Help Your Child Talk: Two Toddler Listening Games

Here's extract number 11 from How To Help Your Child Talk and Grow Smarter: your chance to learn more about the way your child learns to talk.

Last week, I introduced some games to play with your toddler, and there's a useful comment on the post from a friend, (thanks, HunterValleyYabby2,) saying that there are free resources for sound lotto on line, as well as commercial ones - just google 'sound lotto'.

Here are some more games for you to try with your toddler, and a short checklist of ways to improve his listening skills.

If you're a new reader, CLICK HERE to read How To Help Your Child Talk and Grow Smarter from the very beginning.This link takes you to the first post, so you can read the extracts in sequence. At the end of each week's post you'll see a link to take you on to the next extract. I try to post every Friday, by noon GMT.

Listening: toddler activities: sound chart
It's easy to make this yourself.

Divide a large sheet of paper into seven sections, one for each day of the week. Keep a selection of sticky stars.

Every day, choose one sound. It could be a dog barking, an aeroplane or someone coughing. Select something that you and your child will hear several times.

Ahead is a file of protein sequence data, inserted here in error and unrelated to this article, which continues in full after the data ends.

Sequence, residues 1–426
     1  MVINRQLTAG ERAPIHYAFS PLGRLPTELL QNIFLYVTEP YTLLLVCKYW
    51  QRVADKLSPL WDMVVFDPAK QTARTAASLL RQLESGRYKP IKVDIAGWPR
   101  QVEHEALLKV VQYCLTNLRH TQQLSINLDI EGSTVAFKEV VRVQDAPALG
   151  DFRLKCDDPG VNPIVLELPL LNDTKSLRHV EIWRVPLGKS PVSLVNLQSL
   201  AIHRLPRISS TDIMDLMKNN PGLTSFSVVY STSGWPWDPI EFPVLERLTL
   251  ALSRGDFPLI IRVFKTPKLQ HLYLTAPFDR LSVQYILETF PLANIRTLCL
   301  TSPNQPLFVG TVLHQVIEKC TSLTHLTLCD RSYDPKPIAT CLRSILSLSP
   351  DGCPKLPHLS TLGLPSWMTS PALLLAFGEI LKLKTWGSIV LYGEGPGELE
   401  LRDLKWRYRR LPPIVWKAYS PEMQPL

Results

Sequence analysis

Cut out a picture of the sound, stick it on the paper and listen out together with your child. Every time he hears the sound, he sticks on a star.

As he gets older, use a different word for every day, or a different speech sound.

Listening: toddler activities: storytelling
Prepare to read a story aloud. Tell your child to listen out for a certain word. When he hears it, he can do an agreed action. For example, every time he hears the work “up” he jumps in the air.

Make sure he sits down again each time and prepares to listen again.

Listening: checklist for toddlers

  • Keep to a routine, with quiet times for stories, games and puzzles.
  • Include times for noisy play and letting off steam.
  • Tidy his toys occasionally so he attends to one thing at a time.
  • Smile when your child talks to you.
  • Turn off the TV and radio for a time every day while you play.
  • Make a quiet corner with somewhere to sit and draw, colour or look at books.
Come back next week for another extract. A link will appear HERE.

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I write this Communication Blog

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Frances Evesham: on the run around Europe for years, with only a husband, three children and a succession of opinionated cats to keep me out of trouble. Somerset stopped me in my tracks. Now I walk in the country and breathe sea air. I will get around to cleaning the house soon.

I've been a speech therapist, a professional communication fiend and a road sweeper. I sometimes work in the criminal courts to uphold fair questioning of people with special needs.

I smell the roses, lavender and rosemary as I cook with a glass of wine in one hand and a bunch of chillies in the other. Writing historical romances and books on communication leaves enough time to enjoy bad jokes and puns and wish I’d kept on with the piano lessons.